There is a comprehensive stop and search data pack which supports these meetings. We found that the constabulary may benefit from extending the data monitored to help it determine whether use of stop and search aligns with crime patterns, intelligence and priorities. This would ensure that the use of powers is directed towards crime reduction and prevention.
The constabulary trains its workforce to communicate with the public effectively
The constabulary is serious about understanding bias and disproportionate use of powers. The lead for stop and search has sent a video message to the workforce clearly stating the importance of asking the self-defined ethnicity question of people subject to stop and search as well as the need to record reasonable grounds effectively. An active listening package is being given to call handlers in the force contact centre to help them better understand callers’ needs. The constabulary has incorporated active listening into its personal safety training, training for new recruits and investigator training. This is good news as it is important that officers listen and are fair in their dealings with the public.
The constabulary has improved use of force recording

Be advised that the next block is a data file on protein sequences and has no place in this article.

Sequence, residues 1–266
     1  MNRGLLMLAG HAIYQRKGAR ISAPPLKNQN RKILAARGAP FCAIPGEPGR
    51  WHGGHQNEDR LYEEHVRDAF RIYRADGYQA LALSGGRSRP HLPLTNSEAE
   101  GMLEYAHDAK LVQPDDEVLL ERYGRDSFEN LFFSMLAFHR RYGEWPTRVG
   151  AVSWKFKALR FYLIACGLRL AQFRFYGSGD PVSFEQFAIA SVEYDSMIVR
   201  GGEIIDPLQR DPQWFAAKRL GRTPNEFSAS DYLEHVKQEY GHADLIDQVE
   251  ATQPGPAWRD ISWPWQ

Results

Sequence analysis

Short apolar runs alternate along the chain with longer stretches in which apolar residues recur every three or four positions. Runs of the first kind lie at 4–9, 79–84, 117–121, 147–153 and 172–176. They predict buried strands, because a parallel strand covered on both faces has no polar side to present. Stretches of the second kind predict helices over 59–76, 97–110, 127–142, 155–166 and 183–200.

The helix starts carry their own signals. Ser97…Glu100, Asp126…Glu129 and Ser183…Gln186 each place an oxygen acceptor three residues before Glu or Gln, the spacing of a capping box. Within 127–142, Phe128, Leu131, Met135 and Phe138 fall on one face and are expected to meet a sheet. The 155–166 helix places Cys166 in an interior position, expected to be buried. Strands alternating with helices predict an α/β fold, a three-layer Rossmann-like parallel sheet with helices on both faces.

In 2017 we found Cheshire Constabulary needed to improve its understanding and recording of use of force and ensure it complied with the National Police Chiefs’ Council (NPCC) recording requirements. This has improved. A working group, chaired by a superintendent, monitors recording. There is a comprehensive data set for use of force and it is published for transparency. The data is also scrutinised at the procedural justice meeting, with exception reports highlighting areas of most interest or concern. The internal stop and search and use of force monitoring lead gives the constabulary confidence that forms are submitted appropriately. This works well and supplements departmental processes. The constabulary is improving its practices based on incidents when force is used – for example, difficulty experienced by officers when the body-worn camera moves while in use and the exploration of solutions to resolve this.